Jessica Lanyadoo: Absolutely. That concept for me is very Jupitarian. When you have abundance, at a certain point, it can become a burden or a hoard. It’s our job to stay present with our abundance to make sure that it is abundant for us instead of abundant for other people’s perspectives.
This is a huge lesson I think for all humans whether they’re famous or not which is to be able to identify, ‘Is this good for me?’ ‘Is this a growth opportunity for me?’ ‘Is this just good on paper or a growth opportunity?’ Being able to determine that is a huge part of being able to not just grow in life but to grow in the direction of what you want.
Her Agenda: Nowadays with so many people popping up claiming they can read birth charts or do tarot card readings, how do you deal with competition?
Jessica Lanyadoo: I personally don’t think I have any competition. And I don’t mean that to sound obnoxious. There’s room for all of us. I’ve been doing this work full time since [the year] 2000, so I have a strong base of people that I already serve. So in that way, competition doesn’t impact me because I’m not competing with people on social media. That’s not where the work is for me.
Whether you’re a tarot reader, designing lingerie for full-size figures or a creative in the world, you have to focus on your own work. You might want to inform yourself [about] what other people are doing but you want to do what you feel called to do. Follow your own North star.
Her Agenda: I love that you mentioned social media because you have an amazing brand. How can people in nontraditional careers like yourself build a personal brand that impacts the masses?
Jessica Lanyadoo: I started to build my brand before I knew what the word brand was and before the internet was a thing. I started by serving the communities that I was connected to and that I cared about – queer people, social workers [and] artists. And by supporting that community, they supported me.
In this world of social media where everybody’s trying to get a big following and you can buy followers, having 600 people doesn’t seem like a lot. 600 people is a huge amount of people to care about your work.
[Another] thing I would say is don’t front. Don’t pretend to know something you don’t know. Don’t pretend to be somewhere you’re not. Be conscientious [in] that whatever it is that you’re doing is going to impact people. They’re going to love it, they’re going to hate it [and] they’re going to have feelings about it. Holding space for that without making it all about you makes [your brand] sustainable.
[But] when people are in alternative businesses and their social media presence is the deepest part of their work, that’s not a great business strategy. You don’t want it to be just online. You want it to be in your life otherwise you might be Instagram famous and not be able to pay your bills.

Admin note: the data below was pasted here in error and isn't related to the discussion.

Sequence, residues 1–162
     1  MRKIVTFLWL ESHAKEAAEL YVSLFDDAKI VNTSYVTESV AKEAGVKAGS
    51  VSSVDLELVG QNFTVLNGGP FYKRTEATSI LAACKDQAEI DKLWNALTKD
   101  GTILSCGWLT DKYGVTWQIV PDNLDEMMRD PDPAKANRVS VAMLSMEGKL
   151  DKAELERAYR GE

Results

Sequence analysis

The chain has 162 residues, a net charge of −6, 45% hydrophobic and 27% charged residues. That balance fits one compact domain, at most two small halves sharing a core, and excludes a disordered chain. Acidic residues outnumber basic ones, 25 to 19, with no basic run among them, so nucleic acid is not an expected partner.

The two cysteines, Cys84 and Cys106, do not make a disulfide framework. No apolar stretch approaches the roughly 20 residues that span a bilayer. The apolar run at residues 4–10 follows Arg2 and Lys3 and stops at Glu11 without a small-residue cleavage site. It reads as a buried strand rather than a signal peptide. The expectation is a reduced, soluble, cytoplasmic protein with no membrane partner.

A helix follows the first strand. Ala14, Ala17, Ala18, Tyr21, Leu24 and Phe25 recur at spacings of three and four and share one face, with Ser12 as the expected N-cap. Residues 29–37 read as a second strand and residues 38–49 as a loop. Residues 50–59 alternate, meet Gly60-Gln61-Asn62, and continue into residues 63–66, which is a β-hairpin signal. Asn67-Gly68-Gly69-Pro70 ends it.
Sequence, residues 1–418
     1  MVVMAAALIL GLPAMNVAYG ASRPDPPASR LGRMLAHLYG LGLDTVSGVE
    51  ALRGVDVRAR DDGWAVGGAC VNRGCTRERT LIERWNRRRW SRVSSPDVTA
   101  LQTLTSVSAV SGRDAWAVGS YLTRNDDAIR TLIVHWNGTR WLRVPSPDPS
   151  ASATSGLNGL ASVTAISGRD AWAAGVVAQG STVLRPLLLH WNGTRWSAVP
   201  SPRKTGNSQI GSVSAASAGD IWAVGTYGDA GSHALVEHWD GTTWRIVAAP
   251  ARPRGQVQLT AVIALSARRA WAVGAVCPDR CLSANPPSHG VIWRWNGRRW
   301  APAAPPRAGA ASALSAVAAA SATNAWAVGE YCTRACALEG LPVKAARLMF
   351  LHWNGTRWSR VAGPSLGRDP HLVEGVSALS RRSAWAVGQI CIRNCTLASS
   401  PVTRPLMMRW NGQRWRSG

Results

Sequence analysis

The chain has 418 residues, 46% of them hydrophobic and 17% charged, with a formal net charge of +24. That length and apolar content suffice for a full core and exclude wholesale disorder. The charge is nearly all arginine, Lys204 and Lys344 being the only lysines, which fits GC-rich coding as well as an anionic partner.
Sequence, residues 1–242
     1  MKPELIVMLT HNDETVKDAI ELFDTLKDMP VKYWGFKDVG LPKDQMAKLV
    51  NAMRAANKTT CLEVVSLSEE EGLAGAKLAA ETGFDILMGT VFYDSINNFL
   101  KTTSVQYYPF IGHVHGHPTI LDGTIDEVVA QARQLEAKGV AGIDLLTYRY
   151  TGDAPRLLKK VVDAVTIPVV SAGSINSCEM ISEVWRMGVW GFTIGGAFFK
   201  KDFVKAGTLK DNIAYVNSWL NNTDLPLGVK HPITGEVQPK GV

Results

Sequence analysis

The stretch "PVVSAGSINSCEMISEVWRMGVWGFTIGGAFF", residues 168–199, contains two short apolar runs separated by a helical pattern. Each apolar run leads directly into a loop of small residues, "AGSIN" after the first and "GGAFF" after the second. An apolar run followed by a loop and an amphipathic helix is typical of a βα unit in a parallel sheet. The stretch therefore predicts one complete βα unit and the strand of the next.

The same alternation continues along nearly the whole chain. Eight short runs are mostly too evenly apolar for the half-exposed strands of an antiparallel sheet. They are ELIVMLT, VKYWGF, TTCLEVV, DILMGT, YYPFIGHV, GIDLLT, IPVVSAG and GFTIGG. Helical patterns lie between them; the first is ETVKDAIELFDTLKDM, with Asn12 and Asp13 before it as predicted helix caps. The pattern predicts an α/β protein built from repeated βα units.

Whether you’re a tarot reader, designing lingerie for full size figures or a creative in the world, you have to focus on your own work. You might want to inform yourself [about] what other people are doing but you want to do what you feel called to do. Follow your own North star.
Her Agenda: What advice do you have for people who want to become a professional astrologer?
Jessica Lanyadoo: There’s a lot of ways to be a professional astrologer. You can be a scholar, you can be a writer, you can be a counselor, you can be a predictor and an oracle. I’ve known financial analyst astrologers and I myself am a deeply therapeutic style astrologer. It’s really important to figure out what you feel called to and you don’t have to pick one thing.
The next thing is to be good at it. That’s really important because if you’re putting out half baked data or if you’re basically reworded what someone else said, not only are you doing a disservice to your reputation but you’re harming other people because people are seeking astrological data and information as a way to self-care.
Her Agenda: I heard you have a book coming out called Astrology for Real Relationships: Understanding You, Me, and How We All Get Along in January 2020. What is the biggest takeaway you want your readers to embrace from the book?
Jessica Lanyadoo: I want them to walk away with a lot of takeaways but probably the biggest takeaway is that everywhere you go, there you are. [Meaning], your relationships are always going to reflect what you’re willing to consent to, what you’re willing to participate in and how. [Remember], astrology is a tool and this book is a tool specifically for understanding your nature and working within your nature to make choices in your life. This book is a tool for really understanding things on a deeper level.
Her Agenda: Awesome and just to wrap up, what is one thing you want us to remember from this interview?
Jessica Lanyadoo: When [you’re] looking at my career, whether it’s my social media, my CV, listening to my podcast or hearing my counsel [and] astrological interpretations, what you’re seeing is the present day result of more than 20 years of single-minded practice. To become or have any measure of mastery over anything takes time, practice, making mistakes and trying. The key is to stay consistent with honoring what’s true for you now so that you build up to where you want to be later.
[Editor’s note: This interview has been edited for length and clarity.]